to the Armed Forces of the Philippines to prevent or suppress lawless violence, insurrection,
rebellion and subversion shall continue to be in force and effect."
Petitioners allege in their complaint that their causes of action proceed from respondent General
Ver's order to Task Force Makabansa to launch preemptive strikes against communist terrorist
underground houses in Metro Manila. Petitioners claim that this order and its subsequent
implementation by elements of the task force resulted in the violation of their constitutional
rights against unlawful searches, seizures and arrest, rights to counsel and to silence, and the
right to property and that, therefore, respondents Ver and the named members of the task force
should be held liable for damages.
But, by launching a preemptive strike against communist terrorists, respondent members of the
armed forces merely performed their official and constitutional duties. To allow petitioners to
recover from respondents by way of damages for acts performed in the exercise of such duties
run contrary to the policy considerations to shield respondents as public officers from undue
interference with their duties and from potentially disabling threats of liability (Aarlon v.
Fitzgerald, 102 S. Ct. 2731; Forbes v. Chuoco Tiaco, 16 Phil. 534), and upon the necessity of
protecting the performance of governmental and public functions from being harassed unduly or
constantly interrupted by private suits (McCallan v. State, 35 Cal. App. 605; Metran v. Paredes,
79 Phil. 819). cdphil
xxx
xxx
xxx
The immunity of public officers from liability arising from the performance of their duties is now
a settled jurisprudence (Alzua v. Johnson, 21 Phil. 308; Zulueta v. Nicolas, 102 Phil. 944;
Spalding v. Vilas, 161 US 483; 40 L. Ed. 738, 16 S. Ct. 631; Barr v. Mateo, 360; Butz v.
Economon, 438 US 478; 57 L. Ed. 2d 895, 98 S. Ct. 2894; Scheuer v. Rhodes, 416 US 232;
Forbes v. Chuoco Tiaco, supra; Miller v. de Leune, 602 F. 2d 198; Sami v. US, 617 F. 2d 755).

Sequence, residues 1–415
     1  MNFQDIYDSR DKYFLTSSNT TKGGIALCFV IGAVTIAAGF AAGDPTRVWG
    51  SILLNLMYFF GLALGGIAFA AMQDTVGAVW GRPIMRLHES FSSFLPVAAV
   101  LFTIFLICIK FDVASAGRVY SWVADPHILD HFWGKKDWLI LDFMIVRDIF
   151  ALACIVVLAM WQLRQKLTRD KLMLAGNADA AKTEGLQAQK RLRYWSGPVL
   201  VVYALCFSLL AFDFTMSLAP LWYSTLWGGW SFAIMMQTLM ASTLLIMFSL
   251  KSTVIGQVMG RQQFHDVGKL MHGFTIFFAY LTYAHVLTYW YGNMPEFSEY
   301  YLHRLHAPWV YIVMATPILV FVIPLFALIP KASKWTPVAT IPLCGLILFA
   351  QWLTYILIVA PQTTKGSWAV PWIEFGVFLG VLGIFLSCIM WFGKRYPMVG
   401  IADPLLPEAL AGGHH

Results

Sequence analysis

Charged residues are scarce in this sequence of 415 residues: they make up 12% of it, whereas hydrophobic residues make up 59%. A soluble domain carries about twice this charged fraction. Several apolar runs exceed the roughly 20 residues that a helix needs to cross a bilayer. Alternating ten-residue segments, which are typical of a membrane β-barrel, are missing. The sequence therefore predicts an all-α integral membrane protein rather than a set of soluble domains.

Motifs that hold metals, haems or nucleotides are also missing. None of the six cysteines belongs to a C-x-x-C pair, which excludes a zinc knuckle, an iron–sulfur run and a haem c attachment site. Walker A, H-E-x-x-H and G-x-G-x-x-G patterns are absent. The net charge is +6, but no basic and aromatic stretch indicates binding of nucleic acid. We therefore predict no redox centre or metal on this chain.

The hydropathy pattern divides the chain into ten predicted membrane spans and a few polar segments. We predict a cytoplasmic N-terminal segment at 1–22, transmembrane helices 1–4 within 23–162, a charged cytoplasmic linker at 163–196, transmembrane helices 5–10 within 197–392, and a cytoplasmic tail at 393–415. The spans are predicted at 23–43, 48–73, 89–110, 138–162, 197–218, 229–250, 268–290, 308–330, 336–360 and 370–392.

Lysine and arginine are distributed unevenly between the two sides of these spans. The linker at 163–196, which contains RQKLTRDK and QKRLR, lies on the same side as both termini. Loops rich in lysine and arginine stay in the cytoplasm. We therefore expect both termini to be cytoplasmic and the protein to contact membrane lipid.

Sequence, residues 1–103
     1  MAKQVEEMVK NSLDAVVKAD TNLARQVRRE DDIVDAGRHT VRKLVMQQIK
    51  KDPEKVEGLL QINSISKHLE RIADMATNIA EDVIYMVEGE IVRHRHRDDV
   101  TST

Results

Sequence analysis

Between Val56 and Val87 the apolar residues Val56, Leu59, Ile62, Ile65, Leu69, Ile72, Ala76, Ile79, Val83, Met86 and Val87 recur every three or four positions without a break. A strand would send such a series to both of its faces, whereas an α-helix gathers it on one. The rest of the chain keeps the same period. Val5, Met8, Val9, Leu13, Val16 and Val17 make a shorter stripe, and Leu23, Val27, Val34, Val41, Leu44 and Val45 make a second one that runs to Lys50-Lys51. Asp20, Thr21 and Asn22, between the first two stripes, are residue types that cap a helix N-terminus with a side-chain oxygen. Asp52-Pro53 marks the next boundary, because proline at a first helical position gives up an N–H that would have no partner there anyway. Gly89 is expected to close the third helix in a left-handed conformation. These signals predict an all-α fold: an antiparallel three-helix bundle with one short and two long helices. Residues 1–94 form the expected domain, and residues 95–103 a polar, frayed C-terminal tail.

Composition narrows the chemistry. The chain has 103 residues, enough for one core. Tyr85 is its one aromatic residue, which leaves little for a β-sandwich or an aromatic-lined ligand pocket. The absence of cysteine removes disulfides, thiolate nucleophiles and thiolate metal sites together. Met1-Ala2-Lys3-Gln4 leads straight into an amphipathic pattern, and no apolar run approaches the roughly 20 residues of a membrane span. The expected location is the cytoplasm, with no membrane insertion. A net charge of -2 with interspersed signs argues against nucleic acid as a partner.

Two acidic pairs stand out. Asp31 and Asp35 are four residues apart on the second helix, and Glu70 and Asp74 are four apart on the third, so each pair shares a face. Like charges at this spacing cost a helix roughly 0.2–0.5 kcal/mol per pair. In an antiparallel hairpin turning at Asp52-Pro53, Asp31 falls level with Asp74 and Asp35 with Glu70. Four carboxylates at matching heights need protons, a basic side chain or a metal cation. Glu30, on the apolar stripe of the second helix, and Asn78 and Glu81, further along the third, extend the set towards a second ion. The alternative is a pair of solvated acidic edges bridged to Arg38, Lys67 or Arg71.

Respondents-defendants who merely obeyed the lawful orders of the President and his call for
the suppression of the rebellion involving petitioners enjoy such immunity from suit." 3
We find respondents' invocation of the doctrine of state immunity from suit totally misplaced.
The cases invoked by respondents actually involved acts done by officers in the performance of
official duties within the ambit of their powers. As held in Forbes, etc. vs. Chuoco Tiaco and
Crossfield: 4
"No one can be held legally responsible in damages or otherwise for doing in a legal manner
what he had authority, under the law, to do. Therefore, if the Governor-General had authority,

under the law to deport or expel the defendants, and circumstances justifying the deportation and
the method of carrying it out are left to him, then he cannot be held liable in damages for the
exercise of this power. Moreover, if the courts are without authority to interfere in any manner,
for the purpose of controlling or interferring with the exercise of the political powers vested in
the chief executive authority of the Government, then it must follow that the courts cannot
intervene for the purpose of declaring that he is liable in damages for the exercise of this
authority."
It may be that the respondents, as members of the Armed Forces of the Philippines, were merely
responding to their duty, as they claim, "to prevent or suppress lawless violence, insurrection,
rebellion and subversion" in accordance with Proclamation No. 2054 of President Marcos,
despite the lifting of martial law on January 27, 1981, and in pursuance of such objective, to
launch pre-emptive strikes against alleged communist terrorist underground houses. But this